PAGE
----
The Hunter vs. The Hunted in M&A – A View From Both Sides

About the Episode

What’s it like to be on both sides of the table, as the hunter (the acquirer) and the hunted (the acquired), in an M&A transaction? In this show, we talk with private equity specialist Jim Evanger in a deep dive into the process of selling your company, viewing it from two sides. We cover preparing your company for sale, handling the initial negotiations and the letter of intent, conducting due diligence, the closing process, determining the transaction structure, and managing the integration process – all from the perspective of both the buyer and the seller.

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In this Episode

9:10 What’s the role of an operating partner in a private equity firm?
12:20 How involved are you in the search process as an operating partner?
13:15 Do operating partners co-invest?
14:15 What’s the biggest difference between the role of the hunted vs. the hunter?
14:55 Why do you have to invest so much time searching for and assessing opportunities as an acquirer?
16:40 What does your investment criteria look like for your current fund?
18:30 Is the criteria different for a platform company vs. an add-on company?
19:50 Are most PE firms industry-agnostic?
20:10 The investment thesis
22:30 What “clicked” once you switched from being the hunted to the hunter?
24:30 How important are the numbers when you’re evaluating a potential acquisition?
25:40 How much value do you place on potential? Do buyers pay for potential?
29:00 What’s your criteria when you’re initially evaluating a business?
30:30 Will you do a deal if you can’t talk to the employees?
31:30 How does the seller build trust with the buyer?
32:50 How do you inform your management team?
35:10 How big should a retention bonus be for an employee?
37:35 When should you tell your employees you’re selling your business?
41:00 How important is it for the management team to stay?
42:25 How many businesses do you look at to acquire one business?
43:40 What are some of the knockout factors that cause you to walk away from a business?
46:10 What’s your process of evaluating a company before you make an offer?
48:20 What are the biggest mistakes sellers make in the initial meetings with buyers?
51:55 How much do you typically spend conducting due diligence on one transaction?
52:50 Why do you say “no” to a deal?
54:50 What are your preferred valuation methods?
55:55 How relevant is the internal rate of return (IRR) to the attractiveness of an investment?
57:45 Do you perform a discounted cash flow (DCF) valuation?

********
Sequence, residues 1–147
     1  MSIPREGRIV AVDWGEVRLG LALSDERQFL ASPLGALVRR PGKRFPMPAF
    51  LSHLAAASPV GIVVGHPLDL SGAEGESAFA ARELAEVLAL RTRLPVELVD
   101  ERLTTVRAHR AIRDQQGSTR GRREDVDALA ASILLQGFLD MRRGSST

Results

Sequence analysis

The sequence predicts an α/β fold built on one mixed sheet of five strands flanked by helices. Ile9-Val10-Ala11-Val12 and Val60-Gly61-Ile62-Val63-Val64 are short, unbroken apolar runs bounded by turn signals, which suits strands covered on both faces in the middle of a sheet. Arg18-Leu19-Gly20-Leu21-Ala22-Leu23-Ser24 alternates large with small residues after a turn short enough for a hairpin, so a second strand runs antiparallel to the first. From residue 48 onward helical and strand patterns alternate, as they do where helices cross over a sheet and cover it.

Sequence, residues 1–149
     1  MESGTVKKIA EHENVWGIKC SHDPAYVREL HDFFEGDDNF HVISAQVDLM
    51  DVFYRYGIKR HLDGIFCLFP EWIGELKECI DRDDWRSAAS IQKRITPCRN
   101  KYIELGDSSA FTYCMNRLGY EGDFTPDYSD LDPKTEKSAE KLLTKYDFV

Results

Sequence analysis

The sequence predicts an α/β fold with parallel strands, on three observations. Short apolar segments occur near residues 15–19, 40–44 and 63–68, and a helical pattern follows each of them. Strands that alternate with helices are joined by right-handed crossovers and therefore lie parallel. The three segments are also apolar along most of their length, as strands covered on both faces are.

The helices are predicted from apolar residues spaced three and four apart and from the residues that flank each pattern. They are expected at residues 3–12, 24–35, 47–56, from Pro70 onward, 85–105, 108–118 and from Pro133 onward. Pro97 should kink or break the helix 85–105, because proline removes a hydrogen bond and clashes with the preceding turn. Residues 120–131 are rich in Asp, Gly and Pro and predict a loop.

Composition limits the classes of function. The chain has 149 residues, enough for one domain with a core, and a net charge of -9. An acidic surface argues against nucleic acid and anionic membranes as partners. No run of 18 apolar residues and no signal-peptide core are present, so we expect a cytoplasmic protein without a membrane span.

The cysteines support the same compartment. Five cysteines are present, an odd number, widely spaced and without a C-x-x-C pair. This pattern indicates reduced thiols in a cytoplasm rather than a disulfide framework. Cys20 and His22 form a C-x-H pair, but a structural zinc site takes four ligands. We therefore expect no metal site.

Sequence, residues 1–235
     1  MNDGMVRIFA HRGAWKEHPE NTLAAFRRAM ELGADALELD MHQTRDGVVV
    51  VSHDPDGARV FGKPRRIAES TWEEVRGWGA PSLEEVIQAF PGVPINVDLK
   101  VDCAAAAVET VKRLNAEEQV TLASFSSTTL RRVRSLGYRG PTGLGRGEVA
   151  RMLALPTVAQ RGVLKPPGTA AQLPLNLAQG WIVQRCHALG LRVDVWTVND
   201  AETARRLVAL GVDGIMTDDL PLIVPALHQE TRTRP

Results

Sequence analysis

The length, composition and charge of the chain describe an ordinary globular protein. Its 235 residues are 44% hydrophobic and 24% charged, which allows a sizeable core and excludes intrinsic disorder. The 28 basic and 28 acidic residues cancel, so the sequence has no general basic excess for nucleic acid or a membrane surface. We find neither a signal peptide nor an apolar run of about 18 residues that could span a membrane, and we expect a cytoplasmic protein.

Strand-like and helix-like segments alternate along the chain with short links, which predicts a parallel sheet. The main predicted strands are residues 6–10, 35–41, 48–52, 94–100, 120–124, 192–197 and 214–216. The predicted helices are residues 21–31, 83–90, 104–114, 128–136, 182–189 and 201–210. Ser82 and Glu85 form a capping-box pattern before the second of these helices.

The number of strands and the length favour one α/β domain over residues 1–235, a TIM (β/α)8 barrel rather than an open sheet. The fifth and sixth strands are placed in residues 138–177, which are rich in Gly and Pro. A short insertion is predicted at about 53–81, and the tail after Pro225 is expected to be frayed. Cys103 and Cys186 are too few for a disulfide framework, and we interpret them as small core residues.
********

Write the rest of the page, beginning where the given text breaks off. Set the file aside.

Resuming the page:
59:00 Negotiating the letter of intent
1:02:50 What are the biggest mistakes sellers make in due diligence?
1:06:00 What is a quality of earnings (Q of E) analysis?
1:08:25 What else do you consider during due diligence?
1:10:45 How do you typically structure a transaction?
1:16:15 How does an equity rollover work?
1:18:40 How can a seller research a PE firm’s reputation?
1:20:35 What does the seller need to know about integration?
1:22:35 How does the second bite of the apple work?


  • The funnel is critical if you’re the hunter (acquirer). You’re constantly filling the funnel with as much lead flow as you can. Hunting is primarily a numbers game, not an emotional process, while selling a business is an emotional process.
  • Acquirers use an acquisition scorecard to rate the attractiveness and fit of a potential acquisition.
  • Total addressable market (TAM) is an important criteria for private equity (PE) firms.
  • MOIC = Money On Invested Capital

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Meet Our Guest

Jim Evanger

Jim Evanger

Operating Partner and Interim CEO for PE-owned businesses

Jim Evanger has had a diverse leadership career, having built executive teams in Fortune 100, middle market, and entrepreneurial start-up businesses. His industry experience spans healthcare, retail, franchising, light manufacturing, and private equity. Most recently, Jim has been a Private Equity Operating Partner and Interim CEO for PE-owned businesses ranging in size between $5 million to $100 million.

Jim came up through the ranks at Merck & Co., beginning as a sales professional and later as a manager, building a team across 33 states and Canada. After almost 10 years in corporate America, Jim launched his first business that franchised itself to 14 states across the US. After selling that franchise business, he built and led high-performing teams in diverse small to mid-sized companies, some of which are private-equity owned. This experience helped propel Jim into various Operating Partner roles with firms such as Dubin Clark & Co. and Latticework Capital, where he sits on Boards and advises CEOs on strategy and execution.

Location Location: United States

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